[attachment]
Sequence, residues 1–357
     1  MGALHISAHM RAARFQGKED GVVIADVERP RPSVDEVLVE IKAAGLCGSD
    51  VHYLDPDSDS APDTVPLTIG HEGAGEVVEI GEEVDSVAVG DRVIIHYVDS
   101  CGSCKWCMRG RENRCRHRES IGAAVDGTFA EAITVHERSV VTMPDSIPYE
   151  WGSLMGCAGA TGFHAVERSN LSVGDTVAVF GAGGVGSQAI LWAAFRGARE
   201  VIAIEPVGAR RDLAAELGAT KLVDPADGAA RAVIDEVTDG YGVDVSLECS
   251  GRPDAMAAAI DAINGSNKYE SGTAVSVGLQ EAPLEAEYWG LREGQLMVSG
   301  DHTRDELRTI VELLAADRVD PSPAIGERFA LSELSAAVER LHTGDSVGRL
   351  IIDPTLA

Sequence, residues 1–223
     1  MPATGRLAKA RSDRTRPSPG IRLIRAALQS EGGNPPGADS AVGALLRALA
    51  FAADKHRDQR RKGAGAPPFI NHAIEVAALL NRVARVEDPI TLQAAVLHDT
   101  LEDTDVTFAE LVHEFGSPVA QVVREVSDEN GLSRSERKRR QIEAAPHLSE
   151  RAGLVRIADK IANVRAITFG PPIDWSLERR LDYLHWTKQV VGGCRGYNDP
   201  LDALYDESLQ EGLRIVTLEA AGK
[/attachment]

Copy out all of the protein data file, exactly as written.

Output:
Sequence, residues 1–357
     1  MGALHISAHM RAARFQGKED GVVIADVERP RPSVDEVLVE IKAAGLCGSD
    51  VHYLDPDSDS APDTVPLTIG HEGAGEVVEI GEEVDSVAVG DRVIIHYVDS
   101  CGSCKWCMRG RENRCRHRES IGAAVDGTFA EAITVHERSV VTMPDSIPYE
   151  WGSLMGCAGA TGFHAVERSN LSVGDTVAVF GAGGVGSQAI LWAAFRGARE
   201  VIAIEPVGAR RDLAAELGAT KLVDPADGAA RAVIDEVTDG YGVDVSLECS
   251  GRPDAMAAAI DAINGSNKYE SGTAVSVGLQ EAPLEAEYWG LREGQLMVSG
   301  DHTRDELRTI VELLAADRVD PSPAIGERFA LSELSAAVER LHTGDSVGRL
   351  IIDPTLA

Sequence, residues 1–223
     1  MPATGRLAKA RSDRTRPSPG IRLIRAALQS EGGNPPGADS AVGALLRALA
    51  FAADKHRDQR RKGAGAPPFI NHAIEVAALL NRVARVEDPI TLQAAVLHDT
   101  LEDTDVTFAE LVHEFGSPVA QVVREVSDEN GLSRSERKRR QIEAAPHLSE
   151  RAGLVRIADK IANVRAITFG PPIDWSLERR LDYLHWTKQV VGGCRGYNDP
   201  LDALYDESLQ EGLRIVTLEA AGK